#21    abraithwa Support `json.RawMessage` and `json.Decoder.UseNumber`
#461    mbrucher json.decoder.JSONDecodeError: Invalid control character
#5        miikka Decoder options
#170     durack1 JSON decoder timestamp error
#5     MazeChaZe Custom decoder
#36    billchenx json.decoder.JSONDecodeError
#10    jimfulton Make JSON encoder/decoder configurable.
#31        kozo2 JSONDecodeError with Python36 json decoder
#22        amitu automatic Json.Decode.Decoder out of schema?
#15    MazeChaZe Reimplement object decoder using TypeScript mapped type
#3569  stolowski snapd, snapctl: use json Decoder instead of Unmarshall
#25000  tvolkert JSON decoder should support lenient parsing
#23     keleshev JSON decoder example
#3       szarsti consider jsone as json decoder
#287   NausJessy Adds a Double decoder.
#16    vipulasri json.decoder.JSONDecodeError:
#111     marrony Adds java encoder/decoder for user types
#93       twhume JSON decoder error on startup, fixed by restarting serv
#23    Guillaum- Add BMT/FMT decoder elements (fitter, banks, ccdb confi
#20567 schmichae encoding/json: reduce allocations by Decoder for \uXXXX
#2          si14 JSON encoder/decoder behaviour
#4        vbraun Crash in JSON decoder
#4     beatgammi Streaming decoder
#1     HelloW0r1 json.decoder.JSONDecodeError: Expecting value: line 1 c
#2416  ArunNairI jupyter notebook list - json.decoder.JSONDecodeError:
#77    binary132 RTMEvent Decoder?
#28     teodorlu `original` decoder uses `Json.Decode.Pipeline` without
#2     sinisters Make JSON Decoder more lenient
#1532  perfectwe decoder error
Star-Wars:ch4 Jiang_Hu$
*/

Functions

Function Declarations

A function declaration has a name, a list of parameters, an optional list of results, and a body:

func name(parameter-list) (result-list) {
    body
}

A function that has a result list must end with a return statement unless execution clearly cannot reach the end of the function, perhaps because the function ends with a call to panic or an infinite for loop with no break. The type of a function is sometimes called its signature. Two functions have the same type or signature if they have the same sequence of parameter types and the same sequence of result types. The names of parameters and results don't affect the type, nor does whether or not they ware declared using the factored form. Every function call must provide an argument for each parameter, in the order in which the parameters were declared. Go has no concept of default parameter values, nor any way to specify arguments by name, so the names of parameters and results don't matter to the caller except as documentation. Arguments are passed by value, so the function receives a copy of each argument; modifications to the copy do not affect the caller. However, if the argument contains some kind of reference, like a pointer, slice, map, function, or channel, then the caller may be affected by any modifications the function makes to variables indirectly referred to by the argument. You may occasionally encounter a function declaration withou a body, indicating that the function is implemented in a language other that Go. Such a declaration defines the function signature.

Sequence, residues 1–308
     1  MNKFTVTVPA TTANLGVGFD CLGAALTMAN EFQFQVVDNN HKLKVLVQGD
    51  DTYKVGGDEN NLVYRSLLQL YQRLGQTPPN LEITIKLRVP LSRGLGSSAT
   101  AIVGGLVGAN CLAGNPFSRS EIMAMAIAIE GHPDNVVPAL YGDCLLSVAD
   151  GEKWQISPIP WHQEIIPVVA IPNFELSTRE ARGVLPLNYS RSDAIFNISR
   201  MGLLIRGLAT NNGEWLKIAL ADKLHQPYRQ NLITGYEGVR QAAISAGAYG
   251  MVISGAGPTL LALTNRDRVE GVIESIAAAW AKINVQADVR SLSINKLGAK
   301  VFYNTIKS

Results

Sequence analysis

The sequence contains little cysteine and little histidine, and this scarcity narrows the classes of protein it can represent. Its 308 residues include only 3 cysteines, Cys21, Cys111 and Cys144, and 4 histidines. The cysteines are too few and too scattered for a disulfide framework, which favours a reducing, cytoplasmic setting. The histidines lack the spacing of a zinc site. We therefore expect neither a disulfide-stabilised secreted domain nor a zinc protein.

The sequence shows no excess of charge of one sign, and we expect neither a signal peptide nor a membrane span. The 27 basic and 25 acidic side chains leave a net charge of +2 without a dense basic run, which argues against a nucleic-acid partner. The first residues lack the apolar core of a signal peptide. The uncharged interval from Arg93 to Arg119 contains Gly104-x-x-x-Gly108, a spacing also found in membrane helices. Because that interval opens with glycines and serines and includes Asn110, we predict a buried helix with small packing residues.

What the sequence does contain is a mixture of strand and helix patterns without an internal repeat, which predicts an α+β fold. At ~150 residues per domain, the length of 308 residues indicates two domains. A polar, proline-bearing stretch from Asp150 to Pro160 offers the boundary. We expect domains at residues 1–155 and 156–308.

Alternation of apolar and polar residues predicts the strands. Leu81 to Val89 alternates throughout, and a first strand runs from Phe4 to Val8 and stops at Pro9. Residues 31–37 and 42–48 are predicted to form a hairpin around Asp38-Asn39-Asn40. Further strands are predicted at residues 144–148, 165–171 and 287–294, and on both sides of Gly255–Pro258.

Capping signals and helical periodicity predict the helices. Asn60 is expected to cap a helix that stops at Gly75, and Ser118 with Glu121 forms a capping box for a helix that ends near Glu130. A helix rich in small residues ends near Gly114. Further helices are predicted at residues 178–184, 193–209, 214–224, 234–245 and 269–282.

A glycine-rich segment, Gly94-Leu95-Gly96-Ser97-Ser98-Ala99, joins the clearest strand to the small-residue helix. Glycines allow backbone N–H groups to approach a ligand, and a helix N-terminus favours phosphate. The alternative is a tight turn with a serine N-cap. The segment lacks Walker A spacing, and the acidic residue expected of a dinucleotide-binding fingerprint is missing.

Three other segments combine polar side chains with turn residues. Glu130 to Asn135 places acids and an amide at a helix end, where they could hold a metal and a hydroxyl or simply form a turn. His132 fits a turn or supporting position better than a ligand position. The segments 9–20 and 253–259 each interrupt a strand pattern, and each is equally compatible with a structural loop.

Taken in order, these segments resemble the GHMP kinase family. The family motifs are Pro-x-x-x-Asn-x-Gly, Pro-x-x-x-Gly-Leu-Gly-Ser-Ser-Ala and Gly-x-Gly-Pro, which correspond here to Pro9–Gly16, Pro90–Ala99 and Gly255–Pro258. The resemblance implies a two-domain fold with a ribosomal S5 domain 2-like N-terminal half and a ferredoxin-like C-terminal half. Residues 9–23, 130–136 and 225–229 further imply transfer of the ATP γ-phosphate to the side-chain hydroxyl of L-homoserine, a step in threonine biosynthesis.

package math
func Sin(x float64) float64 // implemented in assembly language

Recursion

Functions may be recursive, that is, they may call themselves, either directly or indirectly. Recursion is a powerful technique for many problems, and of course it's essential for processing recursive data structures. In this section, we'll use it for processing HTML documents. Let's see two program, fetch.go and findlinks1.go:

// Fetch prints the content found at a URL.
package main

import (
    "fmt"
    "io/ioutil"
    "net/http"
    "os"
)

func main() {
    for _, url := range os.Args[1:] {
        resp, err := http.Get(url)
        if err != nil {
            fmt.Fprintf(os.Stderr, "fetch: %v\n", err)
            os.Exit(1)
        }
        b, err := ioutil.ReadAll(resp.Body)
        resp.Body.Close()
        if err != nil {
            fmt.Fprintf(os.Stderr, "fetch: reading %s: %v\n", url, err)
            os.Exit(1)
        }
        fmt.Printf("%s", b)
    }
}
// Findlinks1 prints the links in an HTML document read from standard input.
package main

import (
    "fmt"
    "os"

    "golang.org/x/net/html"
)

func main() {
    doc, err := html.Parse(os.Stdin)
    if err != nil {
        fmt.Fprintf(os.Stderr, "findlinks1: %v\n", err)
        os.Exit(1)
    }
    for _, link := range visit(nil, doc) {
        fmt.Println(link)
    }
}

// visit appends to links each link found in n and returns the result.
func visit(links []string, n *html.Node) []string {
    if n.Type == html.ElementNode && n.Data == "a" {
        for _, a := range n.Attr {
            if a.Key == "href" {
                links = append(links, a.Val)
            }
        }
    }
    for c := n.FirstChild; c != nil; c = c.NextSibling {
        links = visit(links, c)
    }
    return links
}